All we know about Tola is given in this one verse. He is not mentioned by Josephus. Certainly he was a servant of God and a patriot of Israel. When his people needed a defender, he rose to the occasion. Unlike his predecessor, Abimelech, he sought no honors. He was content simply to do what he could for Israel. The twenty-three years of Tola’s judgeship were probably quiet years. The nation suffered no major invasions. They were not tributary to a foreign king. These peaceful years were the result of the victories of Gideon. Tola helped to perpetuate the peace. Thus, we see that the influence of a God-fearing man lives on long after his death. Unfortunately, the influence of the wicked often lives on even longer.
The best men are not always the best known. They just go quietly about their duty, unconcerned for honor or worldly fame. Such people will not make the Who’s Who, or be selected for the Hall of Fame, but they can rejoice that their “names are written in heaven” (Luke 10:20). They may go virtually unnoticed by men, but God takes not and will appropriately honor such in due time. "Your Father who sees in secret will Himself reward you openly” (Matthew 6:1).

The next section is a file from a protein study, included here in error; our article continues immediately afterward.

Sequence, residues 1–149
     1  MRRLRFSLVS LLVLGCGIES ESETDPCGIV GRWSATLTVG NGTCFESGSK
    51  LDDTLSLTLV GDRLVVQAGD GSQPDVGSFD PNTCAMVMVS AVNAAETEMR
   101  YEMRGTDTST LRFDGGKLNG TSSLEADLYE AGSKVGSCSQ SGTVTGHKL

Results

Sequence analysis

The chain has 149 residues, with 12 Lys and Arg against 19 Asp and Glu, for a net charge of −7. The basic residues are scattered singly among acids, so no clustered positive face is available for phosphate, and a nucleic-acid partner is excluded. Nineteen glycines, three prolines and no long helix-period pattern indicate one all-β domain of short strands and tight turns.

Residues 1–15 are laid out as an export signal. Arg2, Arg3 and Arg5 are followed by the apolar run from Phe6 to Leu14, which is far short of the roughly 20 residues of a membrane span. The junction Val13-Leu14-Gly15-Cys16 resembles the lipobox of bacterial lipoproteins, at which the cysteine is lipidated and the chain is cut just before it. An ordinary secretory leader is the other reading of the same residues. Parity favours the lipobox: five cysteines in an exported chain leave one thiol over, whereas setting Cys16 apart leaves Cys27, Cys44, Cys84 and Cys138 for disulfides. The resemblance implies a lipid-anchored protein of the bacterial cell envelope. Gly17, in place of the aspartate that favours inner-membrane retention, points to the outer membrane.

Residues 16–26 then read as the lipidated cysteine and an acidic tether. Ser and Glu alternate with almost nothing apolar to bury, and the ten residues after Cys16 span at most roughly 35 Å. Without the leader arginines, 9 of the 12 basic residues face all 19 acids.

By O. H. Griffith, circa 2002 [I recovered the above writing by Brother Griffith from an e-mail I had printed out. It appears there may have been another paragraph that is missing.]